An international study, coordinated by researchers from IRD-France, and involving the CEA and the Africa Rice Centre (AfricaRice), has identified the geographic origin of African rice domestication. By sequencing over 246 African wild and cultivated rice genomes, the researchers have shown that this plant was domesticated 3,000 years ago in the Inner Niger Delta in northern Mali.
These results, published on July 5th 2018 in the journal Current Biology , also demonstrate how past climatic changes led to profound societal transformations, notably the adoption of agriculture.
The third most produced cereal in the world after wheat and corn, rice is the main staple in the diets of nearly half the world’s population. A member of the grass family, it is grown for its starch-rich seed.
Humans cultivate two main species of this plant: African rice (Oryza glaberrima) and Asian rice (Oryza sativa). These species diverged genetically around one million years ago, well before their domestication. Domestication of the two species occurred independently in Asia and Africa over the last 10,000 years. Before the present discovery, scientific hypotheses pointed to West Africa1 as the geographic origin of African rice domestication. However, the precise area and the circumstances leading up to domestication remained hazy.
Under the aegis of France Génomique’s IRIGIN programme, researchers from the IRD, the CEA/Genoscope and AfricaRice studied the full sequences of 246 African rice genomes, 163 domestic varieties and 83 wild varieties, harvested in the Sahel and East Africa. In doing so, the researchers generated the largest genomic database for African rice available to date and analysed the genetic diversity of the cultivated.
Using this exceptional data, the scientists identified the origin of African rice domestication as the Inner Niger Delta in northern Mali, over 3,000 years ago. This discovery coincides with that of archaeological traces of rice domestication in the same area.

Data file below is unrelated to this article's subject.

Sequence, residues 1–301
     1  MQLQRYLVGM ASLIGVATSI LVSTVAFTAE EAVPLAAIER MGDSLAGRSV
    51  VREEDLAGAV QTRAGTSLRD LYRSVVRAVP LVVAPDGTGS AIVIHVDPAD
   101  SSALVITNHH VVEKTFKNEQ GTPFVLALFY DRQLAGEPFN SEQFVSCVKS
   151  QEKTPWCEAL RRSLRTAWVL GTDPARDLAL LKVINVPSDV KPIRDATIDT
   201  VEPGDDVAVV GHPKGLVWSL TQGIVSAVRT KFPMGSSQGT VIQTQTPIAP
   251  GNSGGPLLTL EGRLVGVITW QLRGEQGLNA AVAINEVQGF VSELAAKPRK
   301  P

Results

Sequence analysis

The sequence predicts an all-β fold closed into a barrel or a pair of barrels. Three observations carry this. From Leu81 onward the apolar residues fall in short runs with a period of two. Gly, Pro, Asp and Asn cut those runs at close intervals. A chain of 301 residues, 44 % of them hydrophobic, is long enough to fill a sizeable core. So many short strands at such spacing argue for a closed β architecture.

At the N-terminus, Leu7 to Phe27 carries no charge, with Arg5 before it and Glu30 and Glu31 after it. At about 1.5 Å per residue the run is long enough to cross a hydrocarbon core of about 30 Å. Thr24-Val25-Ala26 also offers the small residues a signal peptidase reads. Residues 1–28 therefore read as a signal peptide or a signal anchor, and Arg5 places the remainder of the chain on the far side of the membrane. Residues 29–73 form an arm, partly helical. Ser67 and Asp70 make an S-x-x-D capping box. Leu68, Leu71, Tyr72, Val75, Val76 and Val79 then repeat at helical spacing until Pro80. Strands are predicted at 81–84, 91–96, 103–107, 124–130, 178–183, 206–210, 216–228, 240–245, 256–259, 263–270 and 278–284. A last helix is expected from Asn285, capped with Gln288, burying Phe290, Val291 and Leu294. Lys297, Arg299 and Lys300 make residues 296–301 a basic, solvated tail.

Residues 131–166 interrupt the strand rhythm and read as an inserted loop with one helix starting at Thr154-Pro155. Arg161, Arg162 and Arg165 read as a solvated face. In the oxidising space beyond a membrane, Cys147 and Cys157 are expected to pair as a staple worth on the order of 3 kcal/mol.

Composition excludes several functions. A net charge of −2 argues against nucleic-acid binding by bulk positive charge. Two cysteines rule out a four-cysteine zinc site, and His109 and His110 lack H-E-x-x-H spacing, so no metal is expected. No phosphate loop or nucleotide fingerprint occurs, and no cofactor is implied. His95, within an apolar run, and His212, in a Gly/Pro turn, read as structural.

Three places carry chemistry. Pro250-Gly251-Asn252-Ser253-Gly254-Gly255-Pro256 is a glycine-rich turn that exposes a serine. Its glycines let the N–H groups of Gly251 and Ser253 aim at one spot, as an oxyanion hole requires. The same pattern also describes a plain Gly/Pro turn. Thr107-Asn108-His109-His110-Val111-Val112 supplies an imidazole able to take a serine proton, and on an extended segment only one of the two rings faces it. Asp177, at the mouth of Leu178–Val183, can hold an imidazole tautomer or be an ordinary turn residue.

Furthermore, the researchers have suggested that the aridification of the Sahara may be behind this domestication. Wild African rice populations, harvested by inhabitants of the Sahara at this time, likely decreased dramatically as the Sahara dried up.
The progressive disappearance of these resources may have led to the cultivated form of the plant and to the growing development of agriculture over 2,000 years ago.
‘Past changes to the climate are thought to have led to the emergence of African agricultural civilizations’, said Yves Vigouroux and François Sabot, the IRD researchers who coordinated the study.
Analysing genetic data made it possible for researchers to document the historic evolution of wild and cultivated rice species. The researchers were able to point to the precise moment of the decline of African rice cultivation in the 16th century, following a period in which it had expanded significantly over 2,000 year ago. The decline corresponds to the introduction of Asian rice in West Africa by the Portuguese. Numerous varieties of Asian rice, with higher yields, were introduced and used by growers between 1870 and 1960.
This study shows for the first time that past environmental changes led to societal changes in practices (domestication) and organization of agricultural systems. It also opens up avenues for reflection on the evolution of agriculture in the years to come.
African rice adapted long ago to the Sahelo-Saharan climates, which could be an advantage for future global rice cultivation in the current context of a warming climate (decreased rainfall, increased temperatures, shortened rainy season) and the increasing world population.
The cultivation of species less dependent on irrigation, such as African rice, which is more resistant to hydric stress and higher temperatures, could be an advantage for African and global agriculture.
Scientists are continuing genetic research to understand the genetic basis of African rice adaption to harsh conditions, to arid climates, and its resistance to pathogens to improve current varieties (through selection of promising genes and hybridization, for example). African Rice data collection created by AfricaRice, composed of 349 different varieties, represents an optimal genetic resource to conduct this research.
1. Along the Niger River, which borders 6 states : Sierra Leone, Guinée, Mali, Niger, Bénin and Nigéria.
Philippe Cubry et al. The rise and fall of African rice cultivation revealed by analysis of 246 new genomes, Current Biology , July 5th 2018.
The study was made possible by support from the French National Research Agency (ANR), by France Génomique’s IRIGIN programme, by Investissements d’avenir, and by the ARCAD programme (Agropolis Resource Centre for Crop Conservation, Adaptation and Diversity).